by Anthony King
I got a new book in the mail. It's a book about movies. It's my favorite type of book about movies: a film guide. So let's talk film guides. First, though, what I've been watching.
Bobbie and I finished the BBC miniseries of War and Peace (2018), and while it's not technically a movie and I never log non-movies on my Letterboxd, this one was different. There are limited series and miniseries available to log on Letterboxd, and I think it's wrong. Pretend It's a City (2021), while maybe my favorite thing I watched in 2021, is a television series. It's not a movie. So why is it available to log on Letterboxd? Twin Peaks: The Return (2017) was a television show. Available to log on Letterboxd. For god's sake, it's 1,014 minutes long! That ain't a movie! I'm not actually mad about it, but let's say you had 400 diary entries in 2023, and 10 of those entries were actually limited series or shows. Letterboxd says you watched 400 movies. I say you watched 390 movies. Again, who cares. Not me. Nope. This is me not caring. Aaaaaanyways, War and Peace feels so much like one cohesive movie I had to make the exception and log it. From the performances and direction to the music and locations, it's the best thing I've watched all year.I Am Not a Serial Killer (2016) with trepidation because I loved it so much when it first came out. I hoped that it would live up to my memory of it, and I'm happy to report that it still holds the label of “registered banger.” I love a winter horror because, when done right, you can feel the chill in your bones. O'Brien is able to accomplish that here, and along with a dynamite cast, I was almost immediately transported inside this chiller (pun definitely intended). Max Records stars as John Wayne Cleaver, a teenager living in a small Minnesota town that has a serial killer running loose. John is a diagnosed sociopath so he becomes one of our suspects from the very start. His neighbor, Mr. Crowley (Christopher Lloyd), is an old man who leads a suspicious life after the sun goes down: a second suspect. As the bodies pile up, things are revealed that knocked my socks off the first time I saw this. Again, I'm happy to report this holds up for a second viewing, and I encourage everyone to head to Shudder to watch it.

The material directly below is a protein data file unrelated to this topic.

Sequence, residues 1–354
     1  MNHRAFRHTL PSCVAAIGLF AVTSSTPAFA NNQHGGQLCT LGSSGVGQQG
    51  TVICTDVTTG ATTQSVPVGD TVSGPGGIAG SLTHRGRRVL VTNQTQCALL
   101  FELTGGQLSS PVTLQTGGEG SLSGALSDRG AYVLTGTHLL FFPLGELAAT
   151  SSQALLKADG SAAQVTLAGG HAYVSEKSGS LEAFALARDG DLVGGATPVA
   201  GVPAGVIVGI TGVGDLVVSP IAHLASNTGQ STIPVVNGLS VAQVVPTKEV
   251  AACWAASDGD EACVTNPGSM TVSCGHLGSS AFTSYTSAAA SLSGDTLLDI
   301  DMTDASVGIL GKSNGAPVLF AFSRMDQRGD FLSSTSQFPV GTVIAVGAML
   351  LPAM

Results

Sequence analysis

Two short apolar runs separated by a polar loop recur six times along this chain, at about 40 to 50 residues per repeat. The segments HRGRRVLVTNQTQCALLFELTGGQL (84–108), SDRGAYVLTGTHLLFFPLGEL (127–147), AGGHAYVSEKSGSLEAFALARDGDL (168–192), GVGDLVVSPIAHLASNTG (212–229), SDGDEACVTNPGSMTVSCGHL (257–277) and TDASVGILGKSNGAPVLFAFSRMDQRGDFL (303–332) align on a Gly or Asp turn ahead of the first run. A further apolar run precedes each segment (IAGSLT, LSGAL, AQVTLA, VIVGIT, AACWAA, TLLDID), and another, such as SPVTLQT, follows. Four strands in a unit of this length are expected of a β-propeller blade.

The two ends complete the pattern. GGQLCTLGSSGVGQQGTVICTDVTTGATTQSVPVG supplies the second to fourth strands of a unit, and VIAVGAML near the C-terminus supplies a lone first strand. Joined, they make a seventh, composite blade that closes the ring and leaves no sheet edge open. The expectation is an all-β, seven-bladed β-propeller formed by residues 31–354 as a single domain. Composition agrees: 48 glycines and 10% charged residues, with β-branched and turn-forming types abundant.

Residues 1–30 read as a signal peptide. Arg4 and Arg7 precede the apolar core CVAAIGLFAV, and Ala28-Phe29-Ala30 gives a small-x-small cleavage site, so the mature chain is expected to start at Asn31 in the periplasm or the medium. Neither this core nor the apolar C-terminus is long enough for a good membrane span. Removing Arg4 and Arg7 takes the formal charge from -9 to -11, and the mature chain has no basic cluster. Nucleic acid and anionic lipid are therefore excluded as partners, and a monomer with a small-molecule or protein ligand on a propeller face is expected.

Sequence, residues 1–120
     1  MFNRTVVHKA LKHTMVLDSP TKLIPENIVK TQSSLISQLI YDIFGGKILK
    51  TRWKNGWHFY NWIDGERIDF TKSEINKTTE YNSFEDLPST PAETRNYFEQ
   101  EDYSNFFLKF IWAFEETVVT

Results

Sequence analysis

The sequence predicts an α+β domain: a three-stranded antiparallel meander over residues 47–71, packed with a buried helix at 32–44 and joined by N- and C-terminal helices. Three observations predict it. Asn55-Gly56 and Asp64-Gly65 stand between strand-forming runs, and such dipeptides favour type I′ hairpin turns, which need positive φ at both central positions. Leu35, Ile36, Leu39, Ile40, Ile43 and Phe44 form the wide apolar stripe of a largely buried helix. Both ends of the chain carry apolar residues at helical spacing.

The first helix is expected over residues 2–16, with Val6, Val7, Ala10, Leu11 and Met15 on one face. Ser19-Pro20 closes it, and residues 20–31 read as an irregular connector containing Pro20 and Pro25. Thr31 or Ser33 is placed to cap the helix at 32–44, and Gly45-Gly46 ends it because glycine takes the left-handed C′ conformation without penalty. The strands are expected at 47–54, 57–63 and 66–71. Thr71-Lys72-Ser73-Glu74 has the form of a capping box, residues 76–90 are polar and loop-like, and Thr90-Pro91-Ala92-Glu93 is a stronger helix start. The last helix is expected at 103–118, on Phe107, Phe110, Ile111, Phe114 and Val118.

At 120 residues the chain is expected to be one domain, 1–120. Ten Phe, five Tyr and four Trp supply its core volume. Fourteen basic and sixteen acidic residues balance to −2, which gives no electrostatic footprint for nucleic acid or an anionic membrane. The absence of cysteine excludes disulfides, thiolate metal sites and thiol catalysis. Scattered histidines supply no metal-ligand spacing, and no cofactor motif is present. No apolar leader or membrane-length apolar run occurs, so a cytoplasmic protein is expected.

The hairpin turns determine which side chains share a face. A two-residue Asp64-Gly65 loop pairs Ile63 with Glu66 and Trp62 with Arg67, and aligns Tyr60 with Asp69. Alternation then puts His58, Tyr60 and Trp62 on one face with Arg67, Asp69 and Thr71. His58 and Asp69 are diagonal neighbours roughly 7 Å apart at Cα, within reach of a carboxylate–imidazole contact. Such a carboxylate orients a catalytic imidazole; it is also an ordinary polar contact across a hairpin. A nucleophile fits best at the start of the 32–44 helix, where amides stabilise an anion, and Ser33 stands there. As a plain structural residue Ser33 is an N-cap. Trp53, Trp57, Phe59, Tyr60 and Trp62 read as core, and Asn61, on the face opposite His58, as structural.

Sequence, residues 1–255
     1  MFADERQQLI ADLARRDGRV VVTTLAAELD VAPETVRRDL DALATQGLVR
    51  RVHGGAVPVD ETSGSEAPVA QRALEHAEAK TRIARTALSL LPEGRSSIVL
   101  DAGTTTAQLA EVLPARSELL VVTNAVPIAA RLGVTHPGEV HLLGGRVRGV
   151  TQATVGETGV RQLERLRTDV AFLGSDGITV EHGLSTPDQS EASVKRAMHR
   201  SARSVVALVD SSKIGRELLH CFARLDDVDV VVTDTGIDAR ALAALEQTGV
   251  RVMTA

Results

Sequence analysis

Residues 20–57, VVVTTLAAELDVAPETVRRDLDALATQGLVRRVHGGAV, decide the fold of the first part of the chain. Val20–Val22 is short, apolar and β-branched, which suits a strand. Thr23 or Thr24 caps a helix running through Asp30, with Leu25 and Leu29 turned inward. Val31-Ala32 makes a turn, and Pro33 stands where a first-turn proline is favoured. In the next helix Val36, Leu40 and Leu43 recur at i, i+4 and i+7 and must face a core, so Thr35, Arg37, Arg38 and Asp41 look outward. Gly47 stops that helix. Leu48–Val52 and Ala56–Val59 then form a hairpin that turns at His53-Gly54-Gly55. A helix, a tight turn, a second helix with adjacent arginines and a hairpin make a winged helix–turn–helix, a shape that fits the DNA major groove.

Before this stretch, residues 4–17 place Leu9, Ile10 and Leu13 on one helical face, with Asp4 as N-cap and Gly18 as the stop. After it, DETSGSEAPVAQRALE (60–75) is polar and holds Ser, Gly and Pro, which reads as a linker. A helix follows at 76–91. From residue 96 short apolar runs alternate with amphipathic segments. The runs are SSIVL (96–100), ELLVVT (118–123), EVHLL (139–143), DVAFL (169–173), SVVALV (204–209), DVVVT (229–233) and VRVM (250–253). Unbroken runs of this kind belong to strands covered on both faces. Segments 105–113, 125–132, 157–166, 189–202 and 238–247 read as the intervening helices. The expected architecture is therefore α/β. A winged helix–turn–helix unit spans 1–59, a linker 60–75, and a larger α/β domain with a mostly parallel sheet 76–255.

With a new film guide added to my library, I thought I'd share a few of my favorites. Here are five film guides every fan needs on their shelves.
Cult Movies 1, 2, and 3 (Peary, 1981, 1983, 1988)
A gimme and a cheat. I realize this. Danny is my favorite film writer, and because of him and his books I got to meet so many incredible people I now call friends. Even though there are three of these, I consider them to be one volume covering 200 movies. Spanning decades, from Robert Wiene's silent masterpiece of German expressionism The Cabinet of Dr. Caligari (1920) to David Lynch's small town odyssey Blue Velvet (1986), Danny covers a wide expanse of cult cinema ground. Some films have lost their cult status and are widely considered cinematic masterpieces like Vertigo (1958), Casablanca (1942), and Citizen Kane (1941). Others hold the ultimate cult status of being nearly forgotten, like The First Nudie Musical (1976), Blood Money (1933), or Outrageous (1977). Not every movie Danny covers is good; some are outright bad. Take for example Reefer Madness (1936) or Bedtime for Bonzo (1951). And Danny doesn't like every movie he covers in these books. But what he doesn't do is shit all over a movie he doesn't like. The point of his essays is exploring why these films hold/held a cult status. There is no pretense in his writing, and he chooses his words carefully as not to inflate his essays with hyperbole. If there is a god, someday he'll convince the powers that be to reprint these beauties and get them back in circulation. Until then, you'll have to scour the recesses of the world wide web.
The American Cinema: Directors and Directions 1929-1968 (Sarris, 1968)
TCM Underground: 50 Must-See Films From the World of Classic Cult and Late-Night Cinema (De Chirico & Murry, 2022)
Teen Movie Hell: A Crucible of Coming-of-Age Comedies from Animal House to Zapped! (McPadden, 2019)
Mike and his words were one of the reasons I got sober. So while Teen Movie Hell covers a lot of terrible movies, Mike's words jump right off the page and wrap around me like a giant hug. Mike was one of the most sincere and funniest voices in the film writing world, and the people he got involved in Teen Movie Hell speaks volumes to how loved he was. Contributing writers in the book include Kat Ellinger, Wendy McClure, Katie Rife, Kier-La Janisse, and Samm Deighan. The books opens with a great introduction from Mike, followed by an essay called “The Ellinger Code: Teen Sex Comedies in the Age of #MeToo and for All Eternity” by Kat that talks about how we can approach movies that haven't necessarily aged well yet still find enjoyment in them. As far as the guide portion goes, Mike goes alphabetically through the ages giving write-ups long and short to 364 films. From The Freshman (1925) to Duff (2015) we read through 90 years of films. There's modern classics like 10 Things I Hate About You (1999) and Easy A (2010) and movies only 20 people have logged on Letterboxd like Getting Wasted (1980) and Smart Alec (1986). Teen Movie Hell is another cave to mine of forgotten films and trash lying in waiting for Junesploitation.
Images in the Dark: An Encyclopedia of Gay and Lesbian Film and Video (Murray, 1994)